Wednesday, 16 July 2014

Ideas for Hymn Study - A Mighty Fortress is Our God by Martin Luther




A Mighty Fortress

A mighty fortress is our God, a bulwark never failing;
Our helper He, amid the flood of mortal ills prevailing:
For still our ancient foe doth seek to work us woe;
His craft and power are great, and, armed with cruel hate,
On earth is not his equal.

Did we in our own strength confide, our striving would be losing;
Were not the right Man on our side, the Man of God’s own choosing:
Dost ask who that may be? Christ Jesus, it is He;
Lord Sabaoth, His Name, from age to age the same,
And He must win the battle.

And though this world, with devils filled, should threaten to undo us,
We will not fear, for God hath willed His truth to triumph through us:
The Prince of Darkness grim, we tremble not for him;
His rage we can endure, for lo, his doom is sure,
One little word shall fell him.

That word above all earthly powers, no thanks to them, abideth;
The Spirit and the gifts are ours through Him Who with us sideth:
Let goods and kindred go, this mortal life also;
The body they may kill: God’s truth abideth still,
His kingdom is forever.


'Martin Luther described Jesus as "Lord Sabaoth." That's a Hebrew word that means "armies ready for war." The idea behind this name of Jesus is that He is Captain of the Lord's army and He us ready to go to battle for us and defend us.'
Seasons of Praise by Rebecca Hayford Bauer









See here for some historical background to this hymn


Thunderstorm in the Church by Louise A. Vernon is a fictionalised account of the life of Martin Luther told through the eyes of his son, Hans. The author travelled throughout England and Germany to find out her information firsthand before writing the book and she tells an engaging story for children around 6 to 12 years of age. It's a good family read aloud if you have younger children and is an excellent introduction to the life of Martin Luther and the times in which he lived.





Queen of the Reformation by Charles Ludwig is centred around Martin Luther's wife, Katie and the events that led to their marriage and their life together. Born in 1499, Katherine von Bora lost her mother when she was a child and was rejected by her stepmother. At the age of 16 years she made her vows and entered the convent at Nimbshen in Germany. Eight years later she fled the convent with a group of fellow nuns and at the age of 26 years she married Luther who was 16 years her senior.

The book is a well-researched fictionalised story of Katie and her life with Martin Luther. There is much historical information intertwined with an interesting and lively account of their relationship and the tumultuous times in which they lived and of the inspiration behind Luther's famous hymn which was later declared to be "The Marseillaise of the Reformation." 
The Peasant Revolt, the plague and the threat of Suleiman the Magnificent come to life within its pages and Luther is portrayed realistically as a great man who struggled with his own share of human foibles and frailty. Towards the end of his life Luther was living under immense strain and suffered greatly from kidney stones, depression and other afflictions and Katie was heartsick over the changes she saw in him.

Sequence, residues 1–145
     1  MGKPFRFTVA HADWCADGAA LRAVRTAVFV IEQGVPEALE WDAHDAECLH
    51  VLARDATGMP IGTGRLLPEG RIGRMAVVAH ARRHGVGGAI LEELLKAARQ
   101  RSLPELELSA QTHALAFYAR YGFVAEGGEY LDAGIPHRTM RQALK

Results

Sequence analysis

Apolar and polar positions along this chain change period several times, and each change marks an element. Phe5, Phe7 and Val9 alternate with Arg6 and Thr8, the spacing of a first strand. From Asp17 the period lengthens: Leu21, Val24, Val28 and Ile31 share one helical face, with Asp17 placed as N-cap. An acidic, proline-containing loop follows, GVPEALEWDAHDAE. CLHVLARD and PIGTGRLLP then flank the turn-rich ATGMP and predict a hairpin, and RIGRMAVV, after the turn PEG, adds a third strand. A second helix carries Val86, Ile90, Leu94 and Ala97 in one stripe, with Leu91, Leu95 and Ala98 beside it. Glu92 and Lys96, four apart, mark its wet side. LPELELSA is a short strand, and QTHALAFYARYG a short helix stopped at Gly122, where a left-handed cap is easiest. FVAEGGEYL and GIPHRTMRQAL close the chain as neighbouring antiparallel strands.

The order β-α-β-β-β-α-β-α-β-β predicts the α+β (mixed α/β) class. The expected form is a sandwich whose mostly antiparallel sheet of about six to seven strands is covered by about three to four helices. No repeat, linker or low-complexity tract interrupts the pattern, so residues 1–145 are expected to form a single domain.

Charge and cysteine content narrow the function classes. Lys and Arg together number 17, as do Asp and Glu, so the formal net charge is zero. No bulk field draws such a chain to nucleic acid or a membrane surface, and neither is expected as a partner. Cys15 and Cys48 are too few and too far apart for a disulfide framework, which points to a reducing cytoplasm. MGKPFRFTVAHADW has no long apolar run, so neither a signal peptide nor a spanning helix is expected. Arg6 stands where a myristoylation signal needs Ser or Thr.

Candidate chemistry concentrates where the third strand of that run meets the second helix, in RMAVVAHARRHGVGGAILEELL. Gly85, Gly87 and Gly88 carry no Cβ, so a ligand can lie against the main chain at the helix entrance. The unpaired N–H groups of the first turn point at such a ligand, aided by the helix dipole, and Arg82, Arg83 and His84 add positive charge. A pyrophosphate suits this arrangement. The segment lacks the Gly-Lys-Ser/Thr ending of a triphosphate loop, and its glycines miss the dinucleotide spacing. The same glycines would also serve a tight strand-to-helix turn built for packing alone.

That spirit of generosity was now leaving him. His quill, always sharp, became a surgeon's scalpel. In 1545 he denounced the Roman church in the darkest words that seeped into his mind.
He also carved a few Protestants, especially those who disagreed with him about the presence of Christ in the communion bread and wine.
These statements, which have caused Luther's enemies to gloat, were viewed by Katie with more understanding eyes. She knew her husband better than anyone else, and she knew his heart was right even though his speech and writing smoked with brimstone.

I don't think that there are many books that portray Luther's other half (for children at least) and I was pleased to find this one. The author has also included a few maps (something I always appreciate in books with historical settings) and short extracts of letters and documents. There are one or two very brief comments on some of the atrocities that occurred during the Peasant Revolt, but otherwise the book is suited to around the ages of 12 to 15 years.
224 pages.




This website has some information on Katharina von Bora and other people such as the artist Lucas Cranach who were involved in her life.


Sunday, 13 July 2014

Murder Must Advertise by Dorothy L. Sayers (1933)

It's been a few years since I read Murder Must Advertise and although it wasn't one of my favourites, I did enjoy reading it. However, two of my children say it's their favourite Lord Peter Wimsey novel and that the background setting of an advertising firm was really interesting (Sayers worked as a copywriter with a London advertising agency for nine years). Most of my children started reading the Wimsey novels around 14 to 15 years of age and the books do sometimes contain some mild adult themes. I asked my 14 year old son to write a brief review which I've put below.





The Lord Peter Wimsey crime/mystery novels are scheduled for free reading in the Ambleside Online Year 10 curriculum.